Steering Failure Steering problems should not be solved on the road while driving. Slow down immediately Use flashers to warn others If power steering fails, you will have to work extremely hard to steer the vehicle, but full control will not be lost. Image from: Retrieved 09/02/11 Drivers can usually identify problems, “loose” or difficult steering before a complete failure occurs.

8 Never adjust or move the key ignition while the vehicle is in motion.
Steering Wheel Locks Never adjust or move the key ignition while the vehicle is in motion. If the steering wheel were to lock, slow down the vehicle as quickly as possible by whatever means to avoid losing control. Ignition image from: Steering image from: Retrieved 09/02/11

9 Most common causes of brake failure are wet and overheated brakes.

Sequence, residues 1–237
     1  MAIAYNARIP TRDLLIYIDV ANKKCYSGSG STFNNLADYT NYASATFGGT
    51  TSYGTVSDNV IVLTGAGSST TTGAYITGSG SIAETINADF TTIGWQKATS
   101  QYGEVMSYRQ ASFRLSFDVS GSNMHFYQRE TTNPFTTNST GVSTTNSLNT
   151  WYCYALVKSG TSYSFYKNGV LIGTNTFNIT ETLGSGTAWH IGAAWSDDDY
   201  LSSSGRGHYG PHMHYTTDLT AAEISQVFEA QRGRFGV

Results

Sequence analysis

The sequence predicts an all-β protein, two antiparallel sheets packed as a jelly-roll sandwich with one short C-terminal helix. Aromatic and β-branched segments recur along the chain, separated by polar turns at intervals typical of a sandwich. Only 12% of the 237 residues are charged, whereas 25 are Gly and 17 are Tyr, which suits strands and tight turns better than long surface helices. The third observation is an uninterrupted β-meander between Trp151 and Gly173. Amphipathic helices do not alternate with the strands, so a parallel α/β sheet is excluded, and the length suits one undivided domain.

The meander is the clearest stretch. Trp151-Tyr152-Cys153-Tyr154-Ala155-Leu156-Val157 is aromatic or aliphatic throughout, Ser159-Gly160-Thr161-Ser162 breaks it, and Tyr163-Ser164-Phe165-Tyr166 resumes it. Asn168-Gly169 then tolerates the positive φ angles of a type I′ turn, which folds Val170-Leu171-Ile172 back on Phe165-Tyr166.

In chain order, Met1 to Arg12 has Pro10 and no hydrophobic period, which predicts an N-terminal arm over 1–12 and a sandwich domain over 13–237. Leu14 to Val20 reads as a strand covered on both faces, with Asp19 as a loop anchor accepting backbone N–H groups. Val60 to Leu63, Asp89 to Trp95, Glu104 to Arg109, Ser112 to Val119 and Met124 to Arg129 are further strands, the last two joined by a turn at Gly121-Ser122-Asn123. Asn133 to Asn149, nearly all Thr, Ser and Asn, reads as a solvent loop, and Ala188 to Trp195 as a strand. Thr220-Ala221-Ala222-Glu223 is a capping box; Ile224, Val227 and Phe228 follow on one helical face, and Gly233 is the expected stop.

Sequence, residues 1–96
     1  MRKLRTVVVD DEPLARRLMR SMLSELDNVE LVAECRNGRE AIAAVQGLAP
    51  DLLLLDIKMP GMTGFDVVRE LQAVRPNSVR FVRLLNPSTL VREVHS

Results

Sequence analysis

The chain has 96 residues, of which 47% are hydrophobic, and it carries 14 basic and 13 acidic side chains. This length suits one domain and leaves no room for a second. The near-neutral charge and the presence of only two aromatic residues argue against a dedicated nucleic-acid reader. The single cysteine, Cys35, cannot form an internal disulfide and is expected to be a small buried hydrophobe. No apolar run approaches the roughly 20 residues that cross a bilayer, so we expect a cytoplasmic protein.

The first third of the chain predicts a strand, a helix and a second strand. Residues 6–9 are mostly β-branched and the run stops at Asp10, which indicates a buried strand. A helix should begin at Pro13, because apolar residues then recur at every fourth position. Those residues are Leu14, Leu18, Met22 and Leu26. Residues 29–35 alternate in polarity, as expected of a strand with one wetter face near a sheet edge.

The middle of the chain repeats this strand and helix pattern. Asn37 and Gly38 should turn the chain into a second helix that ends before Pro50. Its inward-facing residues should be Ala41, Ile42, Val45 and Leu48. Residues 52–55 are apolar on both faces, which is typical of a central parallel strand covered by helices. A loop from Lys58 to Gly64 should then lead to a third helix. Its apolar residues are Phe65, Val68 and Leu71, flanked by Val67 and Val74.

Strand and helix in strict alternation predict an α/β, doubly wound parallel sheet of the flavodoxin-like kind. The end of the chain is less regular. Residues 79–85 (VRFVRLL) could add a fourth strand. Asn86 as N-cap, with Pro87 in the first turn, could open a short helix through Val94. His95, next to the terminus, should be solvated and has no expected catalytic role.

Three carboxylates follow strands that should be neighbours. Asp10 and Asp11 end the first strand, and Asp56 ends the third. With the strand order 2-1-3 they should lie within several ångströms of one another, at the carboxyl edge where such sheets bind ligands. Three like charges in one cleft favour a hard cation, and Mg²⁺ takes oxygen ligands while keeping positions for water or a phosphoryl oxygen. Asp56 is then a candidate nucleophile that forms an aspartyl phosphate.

Rear and front wheels each have a brake system. If total brake failure: Pump the foot brake pedal (with power brakes not effective) Downshift to lower gear Apply parking brake Search for safe place to steer Image from: Retrieved 09/02/11

10 Brake Fade Applying brakes hard over a long period (i.e. driving down hills) overheats brakes, causing them to fade. Temporary brake failure Less effective Stop vehicle to allow brakes to cool Use lower gears to help prevent brake fade Sign image from: Road image from: Retrieved 09/02/11

11 Driving through water can temporarily reduce brakes’ effectiveness
Wet Brakes Driving through water can temporarily reduce brakes’ effectiveness Drive slowly in puddles Gently apply brakes as you drive though water Friction will generate heat Test brakes as leave water Riding the brake will dry brakes (left foot lightly on brake, as right foot slowly accelerates) Black car image from: Flooded image from: Retrieved 09/02/11